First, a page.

Technically the QUOTENAME() function should be considered for quoting schema and object names, such as
EXEC ( '
CREATE TABLE [#stupid[reallystupid]]tablename] (i int NOT NULL)
SELECT * FROM [#stupid[reallystupid]]tablename]
SELECT * FROM tempdb.INFORMATION_SCHEMA.TABLES WHERE ( TABLE_NAME LIKE N''%stupid%'' )
I also prefer cursor variables in scripts because they go away by themselves - if the script halts without explicitly deallocating, you don't have to fuss to get it to run again. Also table variables. But my example here, a temporary table declared inside dynamic SQL which runs as a separate batch, is a lazy way to get the same benefit - table goes away when execution halts for any reason.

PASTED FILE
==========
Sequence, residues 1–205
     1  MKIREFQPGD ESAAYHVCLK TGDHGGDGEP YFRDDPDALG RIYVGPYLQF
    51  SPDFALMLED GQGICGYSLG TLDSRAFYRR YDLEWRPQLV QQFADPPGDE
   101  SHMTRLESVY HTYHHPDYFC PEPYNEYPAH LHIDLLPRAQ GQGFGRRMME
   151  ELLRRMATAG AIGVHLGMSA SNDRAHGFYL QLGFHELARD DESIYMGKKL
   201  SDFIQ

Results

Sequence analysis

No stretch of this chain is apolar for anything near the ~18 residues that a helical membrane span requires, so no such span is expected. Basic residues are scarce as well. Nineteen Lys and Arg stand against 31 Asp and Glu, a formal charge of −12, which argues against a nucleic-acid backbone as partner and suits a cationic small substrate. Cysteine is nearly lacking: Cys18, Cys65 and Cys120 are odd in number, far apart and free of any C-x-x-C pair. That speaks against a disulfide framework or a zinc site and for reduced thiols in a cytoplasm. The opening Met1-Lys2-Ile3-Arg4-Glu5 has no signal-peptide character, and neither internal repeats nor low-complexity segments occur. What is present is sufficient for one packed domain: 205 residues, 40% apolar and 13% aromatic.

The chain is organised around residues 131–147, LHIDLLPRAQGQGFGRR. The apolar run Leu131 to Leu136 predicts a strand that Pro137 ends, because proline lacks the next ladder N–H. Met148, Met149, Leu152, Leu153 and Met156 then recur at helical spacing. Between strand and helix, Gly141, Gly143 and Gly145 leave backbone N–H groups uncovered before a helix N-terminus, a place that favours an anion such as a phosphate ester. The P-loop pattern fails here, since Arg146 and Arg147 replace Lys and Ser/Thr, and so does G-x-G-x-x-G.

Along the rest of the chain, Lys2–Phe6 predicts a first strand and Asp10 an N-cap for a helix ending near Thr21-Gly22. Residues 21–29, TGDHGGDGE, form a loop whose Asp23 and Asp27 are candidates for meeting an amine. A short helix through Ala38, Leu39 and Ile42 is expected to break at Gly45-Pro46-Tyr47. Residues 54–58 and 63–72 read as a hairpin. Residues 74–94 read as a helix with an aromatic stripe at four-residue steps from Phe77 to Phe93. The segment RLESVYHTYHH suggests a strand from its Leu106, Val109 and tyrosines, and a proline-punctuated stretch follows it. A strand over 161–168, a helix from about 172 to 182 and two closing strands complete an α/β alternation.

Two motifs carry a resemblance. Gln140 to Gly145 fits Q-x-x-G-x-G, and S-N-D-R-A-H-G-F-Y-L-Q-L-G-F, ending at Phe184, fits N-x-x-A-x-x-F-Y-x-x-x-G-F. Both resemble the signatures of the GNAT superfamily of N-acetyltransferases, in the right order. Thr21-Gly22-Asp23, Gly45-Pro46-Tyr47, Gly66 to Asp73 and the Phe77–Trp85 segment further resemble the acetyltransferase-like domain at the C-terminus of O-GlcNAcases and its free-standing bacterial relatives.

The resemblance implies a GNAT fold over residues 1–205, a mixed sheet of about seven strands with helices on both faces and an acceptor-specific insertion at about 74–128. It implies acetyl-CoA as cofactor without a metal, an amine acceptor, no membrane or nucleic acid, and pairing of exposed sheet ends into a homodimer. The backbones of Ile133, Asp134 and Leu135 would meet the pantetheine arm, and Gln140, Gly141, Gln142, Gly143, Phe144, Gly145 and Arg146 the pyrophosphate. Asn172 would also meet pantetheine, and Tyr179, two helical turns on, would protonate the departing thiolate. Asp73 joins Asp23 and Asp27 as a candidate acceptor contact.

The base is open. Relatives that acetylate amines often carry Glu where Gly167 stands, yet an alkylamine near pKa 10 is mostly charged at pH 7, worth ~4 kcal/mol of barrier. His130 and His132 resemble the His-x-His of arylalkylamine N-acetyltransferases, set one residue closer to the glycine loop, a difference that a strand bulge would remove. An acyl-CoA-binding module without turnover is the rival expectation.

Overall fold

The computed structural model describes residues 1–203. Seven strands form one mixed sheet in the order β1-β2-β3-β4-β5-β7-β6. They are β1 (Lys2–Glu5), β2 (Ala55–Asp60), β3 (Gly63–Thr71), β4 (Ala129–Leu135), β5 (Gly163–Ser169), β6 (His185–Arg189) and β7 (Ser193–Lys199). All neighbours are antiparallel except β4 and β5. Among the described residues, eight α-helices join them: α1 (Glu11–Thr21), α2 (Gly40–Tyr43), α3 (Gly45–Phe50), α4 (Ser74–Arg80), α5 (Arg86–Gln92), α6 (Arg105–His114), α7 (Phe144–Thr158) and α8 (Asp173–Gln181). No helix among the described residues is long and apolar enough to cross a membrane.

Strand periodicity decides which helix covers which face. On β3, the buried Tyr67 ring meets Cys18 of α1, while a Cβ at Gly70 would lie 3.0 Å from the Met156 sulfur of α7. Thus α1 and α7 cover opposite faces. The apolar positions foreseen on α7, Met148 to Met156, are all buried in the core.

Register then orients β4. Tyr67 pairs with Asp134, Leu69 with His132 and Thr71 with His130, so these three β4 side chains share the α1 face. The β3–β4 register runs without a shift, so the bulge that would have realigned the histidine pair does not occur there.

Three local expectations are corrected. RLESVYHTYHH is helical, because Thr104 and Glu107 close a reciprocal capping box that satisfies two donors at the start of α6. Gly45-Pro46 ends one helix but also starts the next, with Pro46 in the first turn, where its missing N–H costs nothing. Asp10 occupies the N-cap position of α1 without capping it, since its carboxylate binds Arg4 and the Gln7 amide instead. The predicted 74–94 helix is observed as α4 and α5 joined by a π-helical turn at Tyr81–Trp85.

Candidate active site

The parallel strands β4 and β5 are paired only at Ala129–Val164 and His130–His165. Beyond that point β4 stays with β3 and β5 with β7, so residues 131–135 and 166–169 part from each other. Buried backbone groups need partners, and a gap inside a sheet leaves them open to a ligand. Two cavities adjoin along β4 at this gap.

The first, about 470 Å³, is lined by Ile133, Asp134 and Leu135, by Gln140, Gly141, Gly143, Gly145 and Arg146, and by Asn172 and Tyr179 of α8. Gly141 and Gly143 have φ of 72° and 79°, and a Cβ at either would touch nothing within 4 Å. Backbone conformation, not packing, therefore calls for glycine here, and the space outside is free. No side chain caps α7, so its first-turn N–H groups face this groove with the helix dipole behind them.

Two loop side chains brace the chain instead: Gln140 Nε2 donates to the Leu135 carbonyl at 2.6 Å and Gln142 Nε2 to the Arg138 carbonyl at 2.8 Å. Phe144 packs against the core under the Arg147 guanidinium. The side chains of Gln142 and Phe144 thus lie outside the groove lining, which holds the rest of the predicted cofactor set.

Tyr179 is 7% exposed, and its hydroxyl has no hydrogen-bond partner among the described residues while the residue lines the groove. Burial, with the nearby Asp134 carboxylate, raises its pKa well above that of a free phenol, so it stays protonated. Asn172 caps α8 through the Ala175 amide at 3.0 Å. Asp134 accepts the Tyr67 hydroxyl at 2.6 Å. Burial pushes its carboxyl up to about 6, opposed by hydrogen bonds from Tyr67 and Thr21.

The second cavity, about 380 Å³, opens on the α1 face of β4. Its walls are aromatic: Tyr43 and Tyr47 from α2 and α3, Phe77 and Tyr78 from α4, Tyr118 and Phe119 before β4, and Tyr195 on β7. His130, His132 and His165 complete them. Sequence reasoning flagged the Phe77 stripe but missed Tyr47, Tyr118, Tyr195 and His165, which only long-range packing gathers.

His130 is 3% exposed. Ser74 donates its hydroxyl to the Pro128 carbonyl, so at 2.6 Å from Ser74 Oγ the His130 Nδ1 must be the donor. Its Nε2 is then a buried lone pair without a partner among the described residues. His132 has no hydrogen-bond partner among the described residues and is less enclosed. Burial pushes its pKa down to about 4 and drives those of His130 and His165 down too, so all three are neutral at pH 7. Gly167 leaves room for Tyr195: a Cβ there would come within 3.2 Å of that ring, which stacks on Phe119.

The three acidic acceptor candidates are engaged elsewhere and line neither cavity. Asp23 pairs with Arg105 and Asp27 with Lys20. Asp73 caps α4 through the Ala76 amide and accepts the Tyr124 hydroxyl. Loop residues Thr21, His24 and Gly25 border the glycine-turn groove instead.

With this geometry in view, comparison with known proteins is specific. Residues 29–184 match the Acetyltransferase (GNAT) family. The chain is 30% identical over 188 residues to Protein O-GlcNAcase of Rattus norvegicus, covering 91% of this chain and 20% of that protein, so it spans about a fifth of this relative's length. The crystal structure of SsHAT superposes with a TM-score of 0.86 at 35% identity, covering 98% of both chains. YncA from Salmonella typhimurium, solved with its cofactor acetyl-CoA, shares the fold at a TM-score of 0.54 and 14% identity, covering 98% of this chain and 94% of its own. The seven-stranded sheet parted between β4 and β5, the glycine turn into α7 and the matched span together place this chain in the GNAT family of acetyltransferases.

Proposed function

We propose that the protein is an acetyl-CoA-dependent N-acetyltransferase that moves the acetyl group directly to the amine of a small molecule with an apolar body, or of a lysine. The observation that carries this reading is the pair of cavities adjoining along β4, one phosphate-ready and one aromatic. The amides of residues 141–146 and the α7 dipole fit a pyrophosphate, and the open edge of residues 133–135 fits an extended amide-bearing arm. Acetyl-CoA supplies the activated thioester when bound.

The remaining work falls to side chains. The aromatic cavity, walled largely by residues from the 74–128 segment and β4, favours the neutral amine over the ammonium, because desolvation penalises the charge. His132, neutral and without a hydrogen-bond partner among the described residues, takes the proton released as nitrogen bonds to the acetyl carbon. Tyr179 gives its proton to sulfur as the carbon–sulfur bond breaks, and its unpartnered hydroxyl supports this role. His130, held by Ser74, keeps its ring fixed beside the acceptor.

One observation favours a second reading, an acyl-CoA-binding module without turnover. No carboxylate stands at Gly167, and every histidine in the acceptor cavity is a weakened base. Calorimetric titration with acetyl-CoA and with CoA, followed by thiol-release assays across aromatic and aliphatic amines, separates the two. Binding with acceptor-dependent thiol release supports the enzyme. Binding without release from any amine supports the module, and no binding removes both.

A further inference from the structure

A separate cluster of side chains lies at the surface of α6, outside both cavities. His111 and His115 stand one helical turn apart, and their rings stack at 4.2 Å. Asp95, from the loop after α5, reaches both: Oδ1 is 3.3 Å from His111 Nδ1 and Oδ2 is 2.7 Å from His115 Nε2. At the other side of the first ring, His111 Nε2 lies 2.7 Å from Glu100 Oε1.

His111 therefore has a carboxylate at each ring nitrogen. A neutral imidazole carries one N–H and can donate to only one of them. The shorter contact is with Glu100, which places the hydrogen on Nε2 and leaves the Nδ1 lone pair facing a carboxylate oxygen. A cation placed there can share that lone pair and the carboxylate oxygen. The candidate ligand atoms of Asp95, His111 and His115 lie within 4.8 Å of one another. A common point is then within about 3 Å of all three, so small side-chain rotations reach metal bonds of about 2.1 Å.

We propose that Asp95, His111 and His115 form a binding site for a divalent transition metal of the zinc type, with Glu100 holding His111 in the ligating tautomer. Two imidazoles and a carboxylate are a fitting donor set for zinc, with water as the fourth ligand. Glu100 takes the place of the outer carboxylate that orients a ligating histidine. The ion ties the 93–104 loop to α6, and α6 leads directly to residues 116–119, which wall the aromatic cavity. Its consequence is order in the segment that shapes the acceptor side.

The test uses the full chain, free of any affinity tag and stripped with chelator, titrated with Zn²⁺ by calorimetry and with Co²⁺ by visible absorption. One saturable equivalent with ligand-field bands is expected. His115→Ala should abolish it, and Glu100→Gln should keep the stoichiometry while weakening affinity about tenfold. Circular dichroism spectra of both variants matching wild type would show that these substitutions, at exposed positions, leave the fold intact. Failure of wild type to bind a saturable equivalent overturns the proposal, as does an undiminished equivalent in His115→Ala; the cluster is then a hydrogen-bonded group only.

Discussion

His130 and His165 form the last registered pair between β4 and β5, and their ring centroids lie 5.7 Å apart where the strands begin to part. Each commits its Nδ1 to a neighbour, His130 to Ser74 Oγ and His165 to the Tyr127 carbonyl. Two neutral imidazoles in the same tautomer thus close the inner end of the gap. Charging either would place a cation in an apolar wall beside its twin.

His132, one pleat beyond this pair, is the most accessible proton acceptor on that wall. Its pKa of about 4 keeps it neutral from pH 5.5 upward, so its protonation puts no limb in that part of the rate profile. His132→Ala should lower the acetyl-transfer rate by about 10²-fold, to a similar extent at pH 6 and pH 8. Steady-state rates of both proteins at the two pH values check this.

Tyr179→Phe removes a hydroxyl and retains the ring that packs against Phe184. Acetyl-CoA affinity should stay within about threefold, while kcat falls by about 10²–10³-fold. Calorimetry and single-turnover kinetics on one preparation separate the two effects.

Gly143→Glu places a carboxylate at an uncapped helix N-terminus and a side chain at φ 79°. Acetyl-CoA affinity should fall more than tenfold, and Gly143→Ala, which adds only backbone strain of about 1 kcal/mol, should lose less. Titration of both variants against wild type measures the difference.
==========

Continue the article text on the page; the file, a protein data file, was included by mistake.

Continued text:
It also isn't an example to do with statistics, just a demonstration that objects can be given stupid names. This can happen if you have perversely motivated co-workers. The guy who mounts our server hardware likes to demonstrate his multilingual and multidisciplinary skill (exotic minerals? mythological characters in light opera? minor bodies of the outer solar system? some of which categories overlap, but thank god we closed our office in India), and our major databases, hundreds per server, all begin with a digit 0-9. We wear out more [ ] keys...